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santafemom  
#1 Posted : Tuesday, January 20, 2015 5:02:20 PM(UTC)
santafemom

Rank: Newbie

Joined: 1/20/2015(UTC)
Posts: 1

Hi there, my baby girl turns 11 months old on 1/28/15 (next week). She rarely babbles but instead shrieks and grunts when she "talks." She has said "buh, gee, boo, ka, ma, da" but only rarely. She used to babble often when she was 5-6 months old but she slowly stopped. To be honest, I didn't even notice that she stopped until her pediatrician asked me during her 9 months check up if she babbled.

I have spoken to 2 pediatricians (her main and back-up one), 1 SLP and 2 nurses yet no one is concerned. They all say that she makes "sounds" and she is clearly communicating and getting what she wants. I keep saying "but she doesn't BABBLE!! She never says mamama babababa dadadada, etc" so I don't get why they aren't worried like me.

She has responded to her name since she's been 7 months old, makes eye contact all the time, smiles/laughs all the time, has stranger anxiety, finds hidden toys, drinks bottle on her own, claps, waves, plays hide and seek, crawls, eats well, drinks from a straw cup, etc. She is meeting every milestone EXCEPT for language. I am not concerned at all that she might be autistic or on the spectrum. She has no signs of that disorder.

When she does make a sound, for example, if she blows bubbles or coughs the I imitate her and she does it back. She passed her initial hearing test with no issues and she does not have a hearing problem. She understands "no" and when I tell her to "come here" then she crawls back in my direction. If she wants something like more food, she shrieks and eyes the bowl and then I feed her more.

I read about 5-7 books daily, listen to music, and talk to her all day long. I say "mmmmaaaaaaama, mama, mmmmamama" or "daddy, ddddady, dddddddddddaddy" or "bottle bbbbbboooottttlee bbbbbbbbbbbbbbb" but she doesn't repeat after me. She kinda looks at me like I'm weird and continues to play =/ I also bought the book "It Takes Two to Talk" by Jan Pepper since I heard that was a great book for speech delay. I try not to force her to talk since I don't want to stress her out.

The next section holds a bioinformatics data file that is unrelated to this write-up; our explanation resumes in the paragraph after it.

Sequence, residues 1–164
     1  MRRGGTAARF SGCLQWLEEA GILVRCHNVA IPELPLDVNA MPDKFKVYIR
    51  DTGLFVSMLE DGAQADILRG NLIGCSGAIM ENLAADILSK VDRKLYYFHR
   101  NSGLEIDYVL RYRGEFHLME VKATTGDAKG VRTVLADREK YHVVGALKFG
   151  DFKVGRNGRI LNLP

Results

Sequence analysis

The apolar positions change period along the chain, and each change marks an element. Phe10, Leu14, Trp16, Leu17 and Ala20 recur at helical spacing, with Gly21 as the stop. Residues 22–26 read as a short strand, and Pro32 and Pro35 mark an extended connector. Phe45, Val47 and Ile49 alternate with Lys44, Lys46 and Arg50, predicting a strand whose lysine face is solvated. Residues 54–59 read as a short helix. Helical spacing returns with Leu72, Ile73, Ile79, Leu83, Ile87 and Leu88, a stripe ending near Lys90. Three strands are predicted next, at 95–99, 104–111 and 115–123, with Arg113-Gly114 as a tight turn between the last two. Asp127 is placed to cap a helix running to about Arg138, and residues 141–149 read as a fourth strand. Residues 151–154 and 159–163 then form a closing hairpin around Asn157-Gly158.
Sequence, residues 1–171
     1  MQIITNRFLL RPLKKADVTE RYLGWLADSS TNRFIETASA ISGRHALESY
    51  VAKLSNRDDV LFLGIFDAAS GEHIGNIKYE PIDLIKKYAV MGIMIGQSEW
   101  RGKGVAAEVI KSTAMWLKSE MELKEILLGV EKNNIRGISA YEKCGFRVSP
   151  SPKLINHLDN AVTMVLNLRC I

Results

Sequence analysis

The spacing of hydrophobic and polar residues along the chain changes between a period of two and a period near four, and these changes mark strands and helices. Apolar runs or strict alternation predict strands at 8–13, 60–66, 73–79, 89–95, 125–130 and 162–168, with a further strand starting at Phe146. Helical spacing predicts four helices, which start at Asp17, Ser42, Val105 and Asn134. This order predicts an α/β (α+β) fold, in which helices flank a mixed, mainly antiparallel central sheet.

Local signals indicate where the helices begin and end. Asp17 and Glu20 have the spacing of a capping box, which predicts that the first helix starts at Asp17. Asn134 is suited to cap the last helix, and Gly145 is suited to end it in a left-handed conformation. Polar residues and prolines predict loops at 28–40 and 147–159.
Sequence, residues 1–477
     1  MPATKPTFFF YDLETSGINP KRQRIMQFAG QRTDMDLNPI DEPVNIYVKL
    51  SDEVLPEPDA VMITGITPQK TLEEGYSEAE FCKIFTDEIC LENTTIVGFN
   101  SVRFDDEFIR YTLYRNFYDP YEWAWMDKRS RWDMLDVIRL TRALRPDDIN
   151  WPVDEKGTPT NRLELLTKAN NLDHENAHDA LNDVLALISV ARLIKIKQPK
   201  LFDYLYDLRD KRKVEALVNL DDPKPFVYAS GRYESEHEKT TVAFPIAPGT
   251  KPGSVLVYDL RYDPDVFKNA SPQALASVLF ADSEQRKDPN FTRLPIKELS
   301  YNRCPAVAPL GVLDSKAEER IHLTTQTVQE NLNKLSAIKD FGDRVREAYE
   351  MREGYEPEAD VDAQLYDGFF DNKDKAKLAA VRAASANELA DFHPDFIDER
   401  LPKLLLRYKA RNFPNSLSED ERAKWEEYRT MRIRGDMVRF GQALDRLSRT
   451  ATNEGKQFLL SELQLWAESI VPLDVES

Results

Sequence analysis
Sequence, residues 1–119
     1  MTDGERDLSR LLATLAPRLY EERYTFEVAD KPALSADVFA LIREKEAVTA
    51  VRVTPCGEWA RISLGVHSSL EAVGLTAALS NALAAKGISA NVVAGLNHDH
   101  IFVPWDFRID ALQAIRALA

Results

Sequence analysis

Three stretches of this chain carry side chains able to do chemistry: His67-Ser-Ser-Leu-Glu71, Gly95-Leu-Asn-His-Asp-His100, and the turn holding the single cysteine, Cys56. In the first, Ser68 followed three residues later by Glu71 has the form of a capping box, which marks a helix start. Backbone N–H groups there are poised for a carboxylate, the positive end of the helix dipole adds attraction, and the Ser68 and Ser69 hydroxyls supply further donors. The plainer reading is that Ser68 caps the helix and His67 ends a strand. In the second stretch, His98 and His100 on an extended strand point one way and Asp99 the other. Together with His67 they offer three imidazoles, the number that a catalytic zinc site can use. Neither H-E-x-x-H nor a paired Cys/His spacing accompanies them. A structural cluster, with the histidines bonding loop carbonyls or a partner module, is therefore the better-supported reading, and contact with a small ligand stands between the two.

Any thoughts or suggestions? I don't know what else to do. I feel like I am doing everything that has been suggested on this forum. I speak slowly, repeat words and wait for her to "talk" and then imitate her.

How can I tell if she has a speech problem?? Should I keep pushing the issue with her doctors? Should I be very concerned?

Thank you!


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Mary Lou SLP  
#2 Posted : Wednesday, January 21, 2015 6:40:52 PM(UTC)
Mary Lou SLP

Rank: Advanced Member

Joined: 1/21/2008(UTC)
Posts: 903
Location: Colorado

Was thanked: 3 time(s) in 3 post(s)
Hi Santafemom,

When I saw your post, I knew I definitely wanted to respond!

I've been a speech-language pathologist (SLP) for 39 years. I am very interested in talking with parents like you who are concerned about their young children's speech and language development.

Your post shows that you are a very careful observer, which is great. Your observation skills will help you notice even small changes that your daughter makes.

I trust parents' intuition, so I support your attempts to get a professional to notice what you are noticing and to offer you some support and guidance in this area of concern.

I recently went looking for current information about how parents can stimulate for babbling, when their children do not babble. I didn't find much. I will share with you some of my own thoughts on this subject (later in my post). I also looked for some data about what percentage of young children don't seem to babble and how their speech-language development progresses. I also didn't find much. Perhaps you have looked, too.

This is anecdotal, but I have asked parents of 2 to 4-year-old children who are struggling to acquire speech production (articulation) skills if their children babbled, and often I am told "no" or "not much".